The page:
The cost of Gilead Sciences’ hepatitis C pill Sovaldi is once again under the spotlight with the US Senate Finance Committee requesting detailed pricing information.

Committee chairman Ron Wyden (Democrat) and senior member Charles Grassley (Republican) have written to Gilead chief executive John Martin because “we need a better understanding of how your company arrived at the price for this drug”. Gilead got hold of Sovaldi (sofosbuvir) when it acquired Pharmasset in 2012 for $11.2 billion, which costs $84,000 for a three-month treatment; however, the senators claim Pharmasset planned to “profitably sell” it for $36,000.

They also note documentation from the US Food and Drug Administration about how costs could be much higher for patients needing longer treatments, doubling to $168,000 for Sovaldi alone, and that does not include drugs used in combination treatments. The senators go on to say HCV patients with liver cancer may need 48 weeks of treatment.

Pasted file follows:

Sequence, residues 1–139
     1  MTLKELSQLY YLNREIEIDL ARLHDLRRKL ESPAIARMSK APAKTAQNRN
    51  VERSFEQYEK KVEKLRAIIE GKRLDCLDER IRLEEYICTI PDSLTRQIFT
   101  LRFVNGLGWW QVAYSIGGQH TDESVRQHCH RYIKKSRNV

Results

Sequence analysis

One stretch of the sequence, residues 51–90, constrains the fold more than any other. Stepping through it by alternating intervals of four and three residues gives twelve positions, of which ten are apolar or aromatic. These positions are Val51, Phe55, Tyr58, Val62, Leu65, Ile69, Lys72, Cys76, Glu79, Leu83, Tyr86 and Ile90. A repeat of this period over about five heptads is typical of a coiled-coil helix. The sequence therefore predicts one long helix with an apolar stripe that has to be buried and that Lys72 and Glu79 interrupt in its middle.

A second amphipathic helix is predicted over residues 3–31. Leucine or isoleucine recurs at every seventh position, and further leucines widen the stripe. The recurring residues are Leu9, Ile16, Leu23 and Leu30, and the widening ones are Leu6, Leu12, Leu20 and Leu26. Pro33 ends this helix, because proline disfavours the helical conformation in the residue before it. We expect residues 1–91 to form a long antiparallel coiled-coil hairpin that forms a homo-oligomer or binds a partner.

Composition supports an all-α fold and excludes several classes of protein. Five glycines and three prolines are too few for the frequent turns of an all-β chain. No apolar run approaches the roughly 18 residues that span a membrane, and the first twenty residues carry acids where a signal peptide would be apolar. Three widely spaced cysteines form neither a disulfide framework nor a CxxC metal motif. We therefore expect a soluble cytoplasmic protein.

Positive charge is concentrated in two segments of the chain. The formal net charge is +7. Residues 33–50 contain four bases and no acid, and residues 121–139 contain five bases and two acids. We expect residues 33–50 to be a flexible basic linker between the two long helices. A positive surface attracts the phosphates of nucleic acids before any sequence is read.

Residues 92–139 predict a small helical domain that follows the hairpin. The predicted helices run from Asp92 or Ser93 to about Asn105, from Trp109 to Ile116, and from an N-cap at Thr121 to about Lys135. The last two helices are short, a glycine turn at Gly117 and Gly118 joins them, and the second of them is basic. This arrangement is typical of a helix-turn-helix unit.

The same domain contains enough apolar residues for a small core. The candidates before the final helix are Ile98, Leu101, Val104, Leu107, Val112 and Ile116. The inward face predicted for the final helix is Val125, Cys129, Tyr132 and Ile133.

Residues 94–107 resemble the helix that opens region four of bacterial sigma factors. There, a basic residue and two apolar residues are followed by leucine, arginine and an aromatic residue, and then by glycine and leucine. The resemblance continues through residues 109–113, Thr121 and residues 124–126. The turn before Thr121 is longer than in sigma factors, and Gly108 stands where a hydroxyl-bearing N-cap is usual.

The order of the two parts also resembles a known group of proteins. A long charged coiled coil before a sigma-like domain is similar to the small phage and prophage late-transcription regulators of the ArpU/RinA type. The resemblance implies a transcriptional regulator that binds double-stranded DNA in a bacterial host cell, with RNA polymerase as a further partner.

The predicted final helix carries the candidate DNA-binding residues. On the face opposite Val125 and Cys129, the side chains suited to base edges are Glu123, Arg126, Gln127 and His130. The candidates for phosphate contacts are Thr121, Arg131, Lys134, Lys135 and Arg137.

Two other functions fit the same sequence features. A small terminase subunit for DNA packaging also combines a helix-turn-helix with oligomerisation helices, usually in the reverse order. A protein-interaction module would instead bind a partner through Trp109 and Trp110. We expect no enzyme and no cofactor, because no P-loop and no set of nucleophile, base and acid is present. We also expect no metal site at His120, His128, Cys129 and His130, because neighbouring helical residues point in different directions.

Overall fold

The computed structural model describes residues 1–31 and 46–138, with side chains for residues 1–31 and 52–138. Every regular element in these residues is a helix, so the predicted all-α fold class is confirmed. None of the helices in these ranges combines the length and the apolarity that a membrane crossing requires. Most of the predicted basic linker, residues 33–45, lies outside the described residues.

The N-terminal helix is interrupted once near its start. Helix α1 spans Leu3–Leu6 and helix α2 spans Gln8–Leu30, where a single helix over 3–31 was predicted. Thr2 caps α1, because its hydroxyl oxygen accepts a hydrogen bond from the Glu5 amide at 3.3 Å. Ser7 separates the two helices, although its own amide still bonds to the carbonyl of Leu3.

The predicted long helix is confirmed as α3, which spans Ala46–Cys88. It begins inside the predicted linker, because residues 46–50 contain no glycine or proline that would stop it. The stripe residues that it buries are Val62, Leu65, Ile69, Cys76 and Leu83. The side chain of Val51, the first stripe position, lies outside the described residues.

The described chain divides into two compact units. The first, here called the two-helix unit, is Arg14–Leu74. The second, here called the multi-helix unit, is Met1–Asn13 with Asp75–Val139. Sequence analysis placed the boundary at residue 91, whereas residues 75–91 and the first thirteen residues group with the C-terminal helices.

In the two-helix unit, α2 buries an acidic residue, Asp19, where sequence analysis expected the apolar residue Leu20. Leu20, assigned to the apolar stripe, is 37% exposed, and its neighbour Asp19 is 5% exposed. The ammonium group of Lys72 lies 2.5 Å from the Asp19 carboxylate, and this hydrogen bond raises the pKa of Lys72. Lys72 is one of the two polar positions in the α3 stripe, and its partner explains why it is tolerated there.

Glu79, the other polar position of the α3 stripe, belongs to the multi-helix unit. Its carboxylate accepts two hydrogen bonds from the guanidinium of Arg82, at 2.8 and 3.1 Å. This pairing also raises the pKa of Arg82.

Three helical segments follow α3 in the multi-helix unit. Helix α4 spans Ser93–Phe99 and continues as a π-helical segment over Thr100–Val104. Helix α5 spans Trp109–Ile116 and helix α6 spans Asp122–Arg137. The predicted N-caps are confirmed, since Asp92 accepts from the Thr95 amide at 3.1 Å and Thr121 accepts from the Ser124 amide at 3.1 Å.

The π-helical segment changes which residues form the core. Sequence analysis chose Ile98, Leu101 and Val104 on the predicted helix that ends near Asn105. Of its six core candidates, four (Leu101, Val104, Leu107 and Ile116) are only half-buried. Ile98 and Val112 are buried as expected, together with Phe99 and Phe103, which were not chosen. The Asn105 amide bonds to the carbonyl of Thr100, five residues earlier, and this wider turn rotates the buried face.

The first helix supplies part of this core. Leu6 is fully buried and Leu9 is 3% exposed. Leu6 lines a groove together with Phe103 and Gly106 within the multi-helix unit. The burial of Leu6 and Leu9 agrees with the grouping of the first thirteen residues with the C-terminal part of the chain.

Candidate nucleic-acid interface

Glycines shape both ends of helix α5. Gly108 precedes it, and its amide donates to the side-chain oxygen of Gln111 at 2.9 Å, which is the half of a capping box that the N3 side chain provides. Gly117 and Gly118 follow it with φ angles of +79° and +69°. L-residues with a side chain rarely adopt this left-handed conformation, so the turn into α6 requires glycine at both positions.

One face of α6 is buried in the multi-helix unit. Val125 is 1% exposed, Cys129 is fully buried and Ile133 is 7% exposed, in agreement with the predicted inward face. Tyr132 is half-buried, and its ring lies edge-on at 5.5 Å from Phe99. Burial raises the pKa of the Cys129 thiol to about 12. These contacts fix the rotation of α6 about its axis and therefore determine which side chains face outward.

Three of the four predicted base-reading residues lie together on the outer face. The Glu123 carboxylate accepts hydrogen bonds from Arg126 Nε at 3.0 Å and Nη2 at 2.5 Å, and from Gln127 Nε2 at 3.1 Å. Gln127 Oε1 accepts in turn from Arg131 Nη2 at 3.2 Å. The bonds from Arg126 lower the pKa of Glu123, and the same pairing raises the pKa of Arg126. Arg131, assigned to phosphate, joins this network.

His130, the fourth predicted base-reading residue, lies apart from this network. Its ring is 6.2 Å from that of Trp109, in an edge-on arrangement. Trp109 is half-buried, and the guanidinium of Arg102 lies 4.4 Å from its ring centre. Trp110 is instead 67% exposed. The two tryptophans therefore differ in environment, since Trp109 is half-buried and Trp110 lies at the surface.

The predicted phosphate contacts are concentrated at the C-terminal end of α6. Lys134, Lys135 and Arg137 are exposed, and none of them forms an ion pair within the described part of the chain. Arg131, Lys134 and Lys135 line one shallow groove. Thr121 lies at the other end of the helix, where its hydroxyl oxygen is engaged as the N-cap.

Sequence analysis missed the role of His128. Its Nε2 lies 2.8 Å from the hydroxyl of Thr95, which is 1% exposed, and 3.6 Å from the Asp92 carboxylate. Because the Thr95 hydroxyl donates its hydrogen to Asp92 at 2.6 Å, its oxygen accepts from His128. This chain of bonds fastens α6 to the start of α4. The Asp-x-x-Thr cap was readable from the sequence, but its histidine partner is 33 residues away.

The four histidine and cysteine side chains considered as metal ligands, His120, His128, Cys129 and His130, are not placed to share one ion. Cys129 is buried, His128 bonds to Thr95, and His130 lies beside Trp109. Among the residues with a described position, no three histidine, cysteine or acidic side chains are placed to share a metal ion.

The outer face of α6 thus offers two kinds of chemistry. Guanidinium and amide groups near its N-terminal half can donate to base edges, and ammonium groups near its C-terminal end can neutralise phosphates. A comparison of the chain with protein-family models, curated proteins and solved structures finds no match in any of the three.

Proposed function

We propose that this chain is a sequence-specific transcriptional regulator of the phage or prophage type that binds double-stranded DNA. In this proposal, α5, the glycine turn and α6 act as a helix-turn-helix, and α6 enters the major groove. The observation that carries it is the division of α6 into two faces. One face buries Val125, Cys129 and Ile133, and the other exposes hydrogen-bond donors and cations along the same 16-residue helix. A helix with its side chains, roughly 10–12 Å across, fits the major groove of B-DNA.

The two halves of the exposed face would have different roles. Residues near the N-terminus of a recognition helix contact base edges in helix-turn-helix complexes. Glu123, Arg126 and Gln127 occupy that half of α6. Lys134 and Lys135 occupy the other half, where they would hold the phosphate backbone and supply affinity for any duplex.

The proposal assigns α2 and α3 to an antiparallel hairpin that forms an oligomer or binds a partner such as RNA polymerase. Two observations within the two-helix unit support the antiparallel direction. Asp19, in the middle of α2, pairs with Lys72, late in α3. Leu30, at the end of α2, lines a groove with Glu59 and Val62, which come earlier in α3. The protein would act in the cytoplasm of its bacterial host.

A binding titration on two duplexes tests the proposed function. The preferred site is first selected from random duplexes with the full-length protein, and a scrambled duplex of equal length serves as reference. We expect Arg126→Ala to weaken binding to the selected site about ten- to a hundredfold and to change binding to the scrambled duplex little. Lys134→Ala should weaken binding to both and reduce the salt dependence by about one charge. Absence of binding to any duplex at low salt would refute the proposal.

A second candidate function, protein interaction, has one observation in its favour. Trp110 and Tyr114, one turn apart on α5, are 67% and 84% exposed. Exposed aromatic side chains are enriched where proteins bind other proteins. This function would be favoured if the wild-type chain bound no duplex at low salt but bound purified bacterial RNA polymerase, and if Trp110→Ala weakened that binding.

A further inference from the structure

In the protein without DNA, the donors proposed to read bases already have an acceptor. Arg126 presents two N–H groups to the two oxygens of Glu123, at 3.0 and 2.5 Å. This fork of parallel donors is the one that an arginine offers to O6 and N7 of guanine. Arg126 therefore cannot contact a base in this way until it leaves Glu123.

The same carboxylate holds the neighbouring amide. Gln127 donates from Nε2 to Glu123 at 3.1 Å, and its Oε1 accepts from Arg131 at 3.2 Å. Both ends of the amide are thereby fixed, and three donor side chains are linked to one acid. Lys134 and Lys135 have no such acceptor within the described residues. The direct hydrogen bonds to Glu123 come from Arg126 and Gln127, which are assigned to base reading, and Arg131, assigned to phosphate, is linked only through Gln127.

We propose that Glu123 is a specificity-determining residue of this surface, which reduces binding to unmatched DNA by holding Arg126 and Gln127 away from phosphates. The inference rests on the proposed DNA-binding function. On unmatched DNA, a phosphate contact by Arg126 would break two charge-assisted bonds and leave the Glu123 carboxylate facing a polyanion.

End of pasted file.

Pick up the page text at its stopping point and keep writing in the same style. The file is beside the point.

The letter goes on to make reference to the fact that Sovaldi will be able for a fraction of price in Egypt - $900 per treatment. They add that the drug could cost Medicare $2 billion in 2014-2015 if just 25,000 patients enrolled on its drug benefit programme (Part D) receive Sovaldi prescriptions.

Sens Grassley and Wyden have made 20 separate requests for documents, covering R&D expenditure to marketing costs and sales forecasts, plus details of pretty much every communication it had with Pharmasset.

That the government has joined insurance companies in criticising Gilead comes as no great surprise. The company and leading lights in the pharmaceutical industry regularly point out that Sovaldi is actually curing HCV and the therapy, plus other C drugs that are moving closer to approval, are preventing expensive hospitalisations and avoiding thousands of liver transplants that cost over $500,000 each.